“The truth is I love my job!” Bradley wrote. “It is a time when we need bold leadership in colleges and universities and the challenges make the job that much more impactful and fulfilling.”

The search for Yale’s 24th president 

Salovey is set to return to the faculty next academic year, upon stepping down from his current role on June 30. The Yale Corporation, the University’s highest governing body, is set to vote on Salovey’s successor by a majority vote, per Yale’s bylaws. The Corporation members meet on campus five times a year. Their next meeting will occur on April 2o.

Four Ivy League universities appointed new presidents within the past two years. Stanford University, too, recently named former Yale President Rick Levin’s son Jonathan as its president, concluding a six-month search process that began after Marc Tessier-Lavigne’s resignation following growing concerns about the integrity of his research.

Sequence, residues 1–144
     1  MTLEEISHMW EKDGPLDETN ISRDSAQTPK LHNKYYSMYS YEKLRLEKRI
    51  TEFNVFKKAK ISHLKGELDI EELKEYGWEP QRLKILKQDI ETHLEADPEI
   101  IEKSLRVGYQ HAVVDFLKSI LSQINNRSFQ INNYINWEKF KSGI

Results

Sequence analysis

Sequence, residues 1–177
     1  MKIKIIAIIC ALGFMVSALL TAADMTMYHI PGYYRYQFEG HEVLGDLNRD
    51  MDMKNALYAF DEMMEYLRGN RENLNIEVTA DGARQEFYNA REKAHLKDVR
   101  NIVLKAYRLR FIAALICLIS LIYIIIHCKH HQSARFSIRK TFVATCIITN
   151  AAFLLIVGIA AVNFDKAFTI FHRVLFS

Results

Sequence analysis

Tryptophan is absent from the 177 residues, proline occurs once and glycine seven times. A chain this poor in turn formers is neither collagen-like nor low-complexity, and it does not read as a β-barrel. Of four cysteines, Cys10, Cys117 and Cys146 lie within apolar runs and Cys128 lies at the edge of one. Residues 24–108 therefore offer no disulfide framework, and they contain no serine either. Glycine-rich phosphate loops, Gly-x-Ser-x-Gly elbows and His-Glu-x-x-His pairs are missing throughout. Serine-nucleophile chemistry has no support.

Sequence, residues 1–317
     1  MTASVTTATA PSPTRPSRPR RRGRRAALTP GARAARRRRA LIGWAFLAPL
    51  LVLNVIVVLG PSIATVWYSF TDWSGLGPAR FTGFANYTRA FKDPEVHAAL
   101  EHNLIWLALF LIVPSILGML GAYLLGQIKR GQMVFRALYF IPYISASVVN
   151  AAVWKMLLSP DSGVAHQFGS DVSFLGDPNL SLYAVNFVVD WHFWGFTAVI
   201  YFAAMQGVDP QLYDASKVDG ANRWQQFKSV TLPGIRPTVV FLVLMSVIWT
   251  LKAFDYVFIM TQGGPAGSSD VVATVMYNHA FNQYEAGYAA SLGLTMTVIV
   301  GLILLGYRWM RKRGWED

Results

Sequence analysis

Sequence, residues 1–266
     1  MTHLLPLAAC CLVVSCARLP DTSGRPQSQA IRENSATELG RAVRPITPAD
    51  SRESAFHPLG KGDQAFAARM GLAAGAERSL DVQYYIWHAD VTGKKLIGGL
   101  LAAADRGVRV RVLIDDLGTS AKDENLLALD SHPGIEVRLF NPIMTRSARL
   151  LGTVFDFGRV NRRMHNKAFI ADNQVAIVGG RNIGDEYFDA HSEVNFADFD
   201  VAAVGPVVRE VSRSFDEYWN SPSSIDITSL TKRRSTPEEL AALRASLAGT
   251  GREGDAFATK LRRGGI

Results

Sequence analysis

In January 2023, Columbia University appointed Nemat “Minouche” Shafik as the successor to former president Lee C. Bollinger, who announced in April 2022 that he would be stepping down from the role after 21 years to return to the school’s faculty. After a six-month search process for president Philip J. Hanlon’s successor, Dartmouth College announced that Sian Leah Beilock would be its 19th president in July 2022. In December 2022, Claudine Gay was named Harvard University’s 29th president after Lawrence Bacow stepped down five years into the role. Elizabeth Magill ’88 assumed the presidency at the University of Pennsylvania in July 2022, succeeding Amy Gutmann, who had held the role since 2004.